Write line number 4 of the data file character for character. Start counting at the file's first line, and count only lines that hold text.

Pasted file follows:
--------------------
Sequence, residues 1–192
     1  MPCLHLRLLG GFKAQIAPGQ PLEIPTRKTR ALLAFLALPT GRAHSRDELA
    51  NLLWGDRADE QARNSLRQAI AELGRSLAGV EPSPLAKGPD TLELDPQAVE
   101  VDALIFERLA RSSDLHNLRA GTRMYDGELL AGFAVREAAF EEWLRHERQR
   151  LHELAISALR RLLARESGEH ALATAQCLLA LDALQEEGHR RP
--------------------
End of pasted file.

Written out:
   101  VDALIFERLA RSSDLHNLRA GTRMYDGELL AGFAVREAAF EEWLRHERQR